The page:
My peers are lamenting through what they perceive is a mid-life crisis. It’s a concept I cannot understand because it implies that we know the beginning and end of our life story by identifying our current state as the “middle.” There may be some subtle and /or blatant changes happening in our health, finances and life circumstances. Stiffness. Soreness. Aches. Pains. Bills. Dreams deferred. Visions blurred. And the lie on the street is that you’ve let life pass you by. It’s almost time for you die and you’ve done nothing you planned. That high school graduation speech gave you so much promise and hope; but it’s 20 years later and now your kids have that promise and you’ve been deceived into thinking your abundant life has alluding you.

But God.

He gave you “now.” That’s it. There are no days stored up for you and the ones you spent are over. He gives everyone right now. From the most successful to the most downtrodden – each of us gets right now. Not years, months, hours or even minutes. The exact quantity of life is not promised to you, but that doesn’t mean you go left and stress over the exact moment your life ends. You know neither.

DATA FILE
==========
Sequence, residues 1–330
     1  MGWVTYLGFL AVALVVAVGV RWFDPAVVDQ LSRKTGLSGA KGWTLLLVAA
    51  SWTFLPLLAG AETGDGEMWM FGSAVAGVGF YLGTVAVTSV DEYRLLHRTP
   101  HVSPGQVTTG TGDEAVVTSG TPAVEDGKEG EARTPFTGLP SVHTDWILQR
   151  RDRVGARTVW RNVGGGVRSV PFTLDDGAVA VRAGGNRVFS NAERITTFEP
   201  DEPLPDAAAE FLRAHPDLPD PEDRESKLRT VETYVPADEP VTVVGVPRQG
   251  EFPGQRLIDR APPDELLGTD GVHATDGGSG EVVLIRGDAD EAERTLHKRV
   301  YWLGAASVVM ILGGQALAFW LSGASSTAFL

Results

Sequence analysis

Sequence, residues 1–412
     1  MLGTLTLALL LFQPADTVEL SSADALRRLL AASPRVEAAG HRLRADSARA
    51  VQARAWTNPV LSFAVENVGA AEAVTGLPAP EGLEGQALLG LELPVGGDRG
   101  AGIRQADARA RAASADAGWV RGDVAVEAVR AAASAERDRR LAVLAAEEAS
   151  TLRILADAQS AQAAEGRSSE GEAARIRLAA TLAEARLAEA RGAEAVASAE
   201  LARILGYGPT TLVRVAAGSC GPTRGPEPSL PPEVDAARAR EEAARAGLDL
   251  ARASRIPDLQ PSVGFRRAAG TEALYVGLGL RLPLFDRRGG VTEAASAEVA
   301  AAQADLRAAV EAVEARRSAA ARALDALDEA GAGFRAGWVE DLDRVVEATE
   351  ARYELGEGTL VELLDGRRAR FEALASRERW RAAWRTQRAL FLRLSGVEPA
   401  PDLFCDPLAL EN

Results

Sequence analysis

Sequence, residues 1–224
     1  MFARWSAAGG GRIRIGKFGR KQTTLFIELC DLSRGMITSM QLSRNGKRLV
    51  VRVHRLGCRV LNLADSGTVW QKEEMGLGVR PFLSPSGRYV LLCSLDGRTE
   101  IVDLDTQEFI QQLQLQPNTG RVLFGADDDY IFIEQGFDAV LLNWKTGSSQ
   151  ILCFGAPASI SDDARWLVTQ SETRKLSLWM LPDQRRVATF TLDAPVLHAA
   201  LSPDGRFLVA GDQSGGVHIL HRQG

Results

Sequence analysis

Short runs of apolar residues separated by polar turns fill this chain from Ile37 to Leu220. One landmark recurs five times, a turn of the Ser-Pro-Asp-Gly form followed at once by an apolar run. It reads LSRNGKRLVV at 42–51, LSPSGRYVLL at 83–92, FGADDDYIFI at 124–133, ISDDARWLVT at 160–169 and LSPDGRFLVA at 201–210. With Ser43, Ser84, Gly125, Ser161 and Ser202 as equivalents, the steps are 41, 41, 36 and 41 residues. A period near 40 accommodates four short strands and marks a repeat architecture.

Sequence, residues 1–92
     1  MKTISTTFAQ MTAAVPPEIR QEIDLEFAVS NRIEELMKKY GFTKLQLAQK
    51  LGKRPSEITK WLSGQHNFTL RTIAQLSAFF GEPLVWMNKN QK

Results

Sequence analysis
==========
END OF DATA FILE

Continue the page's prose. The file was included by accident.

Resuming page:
So what do you know?

We know that God created us for a good work that He will carry on until the day of Jesus Christ. That’s our focus. That’s our purpose. We also know that Jesus died but death couldn’t hold him. As believers who are Christ-like, we have the same destiny to be released from the horrors of death – which is eternal punishment – and find peace in that we will die and that will NOT be the end of the story. In fact, it will be the beginning of infinity in the most glorious place in the universe.

Meanwhile, be confident and know you that where you are in life is exactly where you’re supposed to be. Even if it’s not in the best environment, all things (including the ratchet) are on God’s payroll.

“Being confident of this, that he who began a good work in you will carry it on to completion until the day of Christ Jesus.” (Phillipians 1:6) NIV